Speech by Minister of State Katja Keul at the conference “New Perspectives on German Colonial Rule - A Scholarship Programme for Cooperative Research”

17.10.2022 - Speech

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A protagonist in a book by the winner of last year’s Nobel Prize for Literature, Abdulrazak Gurnah, says: “You want me to tell you about myself as if I have a complete story. But all I have are fragments which are snagged by troubling gaps.”

With these words, he expresses what many people on the African continent feel.

Their history has been shattered to fragments by European colonialism.

Earlier this year, I visited Tanzania and met the descendants of Mangi Meli. Mangi Meli was a man who fought against colonial rule. Subsequently, he was hanged by the German governor in March 1900. His head was removed and has yet to be rediscovered.

One reason for this is that there are still thousands of unidentified human remains in museums and universities all over Germany and the rest of Europe.

As I spoke to his descendants, I realized: The German colonial government wanted to erase the memory of Mangi Meli. But in fact they went a step further and erased an entire cultural tradition. Colonialism interrupted the history and tradition of the Chaga people.

One descendant of Mangi Meli told me he had even travelled to Germany to find out about his own cultural heritage. The most important source on Chaga tradition is a book by the German missionary Bruno Gutmann. He tracked it down in an antiquarian bookshop in Leipzig. However, it was no use to him, as it had not been translated into English.

Languages have been lost.

Knowledge has been lost.

Identity has been lost.

As Abdulrazak Gurnah writes: there are only fragments.

The impact of colonialism is felt to this very day.

Colonial rule left deep wounds in many countries, especially in Africa, – but also in Asia, the Americas or the Pacific region. It has caused or aggravated numerous conflicts, global inequalities and regional instabilities that we are seeing today. For a long time, Europeans regarded Africa as a continent of crises and poverty.

But let’s be honest. Many of the conflicts that do indeed exist on the continent are the direct result of European colonialism. The workforce of many countries was enslaved and taken away. Economic resources were deliberately exploited. Borders were arbitrarily drawn. Colonialism was a system of injustice.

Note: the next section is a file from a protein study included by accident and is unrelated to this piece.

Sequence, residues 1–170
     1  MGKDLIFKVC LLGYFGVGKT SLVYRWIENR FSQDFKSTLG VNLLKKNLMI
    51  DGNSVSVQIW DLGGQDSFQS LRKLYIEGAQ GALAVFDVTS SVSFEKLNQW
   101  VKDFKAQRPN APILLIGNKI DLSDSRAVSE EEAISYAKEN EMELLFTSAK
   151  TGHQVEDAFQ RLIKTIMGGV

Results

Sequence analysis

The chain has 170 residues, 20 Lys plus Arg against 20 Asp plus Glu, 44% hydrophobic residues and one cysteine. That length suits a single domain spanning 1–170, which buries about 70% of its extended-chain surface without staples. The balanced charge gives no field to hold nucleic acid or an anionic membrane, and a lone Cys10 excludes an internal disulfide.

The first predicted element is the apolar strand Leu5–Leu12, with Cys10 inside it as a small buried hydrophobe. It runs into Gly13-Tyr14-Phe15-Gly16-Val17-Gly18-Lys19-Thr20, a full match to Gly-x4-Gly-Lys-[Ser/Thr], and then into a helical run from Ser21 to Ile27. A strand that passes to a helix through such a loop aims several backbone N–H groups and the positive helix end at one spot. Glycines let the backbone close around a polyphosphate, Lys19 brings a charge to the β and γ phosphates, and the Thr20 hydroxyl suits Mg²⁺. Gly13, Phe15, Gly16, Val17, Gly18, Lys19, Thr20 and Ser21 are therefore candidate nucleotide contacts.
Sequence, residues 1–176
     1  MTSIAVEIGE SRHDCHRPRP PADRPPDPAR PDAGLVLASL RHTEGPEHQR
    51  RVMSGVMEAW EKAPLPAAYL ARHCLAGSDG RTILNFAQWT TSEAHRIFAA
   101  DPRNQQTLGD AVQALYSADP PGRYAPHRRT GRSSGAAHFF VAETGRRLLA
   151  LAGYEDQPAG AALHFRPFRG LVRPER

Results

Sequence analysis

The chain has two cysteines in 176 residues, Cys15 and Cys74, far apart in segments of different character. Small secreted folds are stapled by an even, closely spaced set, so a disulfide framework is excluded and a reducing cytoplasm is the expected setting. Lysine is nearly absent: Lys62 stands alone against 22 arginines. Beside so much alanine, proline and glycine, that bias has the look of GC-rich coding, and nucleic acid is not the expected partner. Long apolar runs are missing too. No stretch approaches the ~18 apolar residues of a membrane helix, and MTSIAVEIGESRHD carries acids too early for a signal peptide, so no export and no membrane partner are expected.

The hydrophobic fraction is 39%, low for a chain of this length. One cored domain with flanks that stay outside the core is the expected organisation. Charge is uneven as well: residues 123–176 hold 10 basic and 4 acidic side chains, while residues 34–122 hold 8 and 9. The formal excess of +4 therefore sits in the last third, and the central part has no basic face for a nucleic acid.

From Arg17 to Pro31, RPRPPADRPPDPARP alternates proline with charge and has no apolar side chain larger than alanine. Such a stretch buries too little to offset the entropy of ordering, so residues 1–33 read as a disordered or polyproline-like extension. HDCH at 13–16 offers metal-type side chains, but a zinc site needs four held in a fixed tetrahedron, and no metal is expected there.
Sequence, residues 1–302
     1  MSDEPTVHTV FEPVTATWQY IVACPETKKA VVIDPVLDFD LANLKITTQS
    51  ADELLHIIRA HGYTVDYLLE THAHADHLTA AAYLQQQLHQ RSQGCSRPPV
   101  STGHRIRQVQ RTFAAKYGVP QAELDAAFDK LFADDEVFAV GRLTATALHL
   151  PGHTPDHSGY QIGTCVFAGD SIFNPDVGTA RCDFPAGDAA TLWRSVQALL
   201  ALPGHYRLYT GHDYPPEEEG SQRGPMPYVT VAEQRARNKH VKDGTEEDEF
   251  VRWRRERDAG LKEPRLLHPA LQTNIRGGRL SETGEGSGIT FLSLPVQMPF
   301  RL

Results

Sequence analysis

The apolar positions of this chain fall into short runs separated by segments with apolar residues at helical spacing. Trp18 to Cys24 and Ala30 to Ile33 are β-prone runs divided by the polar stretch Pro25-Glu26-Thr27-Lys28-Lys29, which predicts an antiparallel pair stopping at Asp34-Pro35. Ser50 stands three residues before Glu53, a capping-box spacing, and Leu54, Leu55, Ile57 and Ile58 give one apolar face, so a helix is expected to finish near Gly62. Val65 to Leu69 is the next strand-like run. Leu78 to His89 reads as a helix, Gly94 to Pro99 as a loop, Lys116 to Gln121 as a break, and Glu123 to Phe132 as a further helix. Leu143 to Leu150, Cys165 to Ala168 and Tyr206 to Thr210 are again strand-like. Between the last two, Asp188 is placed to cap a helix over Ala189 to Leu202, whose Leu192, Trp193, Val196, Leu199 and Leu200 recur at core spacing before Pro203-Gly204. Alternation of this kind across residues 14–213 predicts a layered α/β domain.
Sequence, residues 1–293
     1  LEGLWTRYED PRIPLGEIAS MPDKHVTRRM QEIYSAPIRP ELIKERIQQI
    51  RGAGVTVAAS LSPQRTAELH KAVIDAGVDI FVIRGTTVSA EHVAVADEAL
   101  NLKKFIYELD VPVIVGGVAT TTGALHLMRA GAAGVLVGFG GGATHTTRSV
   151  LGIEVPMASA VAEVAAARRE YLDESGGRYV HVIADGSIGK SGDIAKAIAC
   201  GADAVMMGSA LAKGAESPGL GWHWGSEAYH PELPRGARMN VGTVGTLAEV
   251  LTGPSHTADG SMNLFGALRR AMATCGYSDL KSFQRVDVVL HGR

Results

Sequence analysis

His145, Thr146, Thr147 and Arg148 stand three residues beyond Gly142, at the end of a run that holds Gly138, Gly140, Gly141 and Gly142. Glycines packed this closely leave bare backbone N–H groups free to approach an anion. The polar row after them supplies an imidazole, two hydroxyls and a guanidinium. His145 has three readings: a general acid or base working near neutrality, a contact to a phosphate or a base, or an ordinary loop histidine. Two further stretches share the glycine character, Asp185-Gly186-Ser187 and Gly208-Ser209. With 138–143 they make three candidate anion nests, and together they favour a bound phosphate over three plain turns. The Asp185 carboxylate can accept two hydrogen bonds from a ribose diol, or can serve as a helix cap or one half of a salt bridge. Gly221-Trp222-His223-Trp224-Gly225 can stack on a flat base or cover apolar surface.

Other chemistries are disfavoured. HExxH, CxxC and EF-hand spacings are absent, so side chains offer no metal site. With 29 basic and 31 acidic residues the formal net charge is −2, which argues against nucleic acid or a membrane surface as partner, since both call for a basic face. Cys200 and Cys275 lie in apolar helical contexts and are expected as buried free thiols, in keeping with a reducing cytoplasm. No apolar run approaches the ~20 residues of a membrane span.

And this system was upheld by individuals and state entities. We have ignored this chapter of our history for far too long. As a society. As a government. And also as the Federal Foreign Office.

After all, the Federal Foreign Office was also part of the colonial system of injustice.

We are launching the German Colonial Rule scholarship programme today because we want to address this gap in our history. We want to shed light on what happened during colonial times. We want to know how colonialism affected communities at different times and in different contexts. And how it continues to do so to this day. We want to promote international research on the role of German public institutions during German colonial rule. Furthermore, we want to avoid falling into the trap of taking a Eurocentric view.

This would simply be a continuation of colonial arrogance.

One of the legacies of colonialism is that until now voices from former colonies have not been adequately heard. The idea of our German Colonial Rule Programme is to deal together with the colonial past.

Therefore, it was essential for us that from the very start we elaborated the programme together with academics and researchers from countries with a colonial history.

One essential objective is to make information more accessible. After all, those who have access to information write history and determine the way it is dealt with. It should not be necessary to travel all the way to Germany to get information about your own past. Access to archives and digitisation are crucial.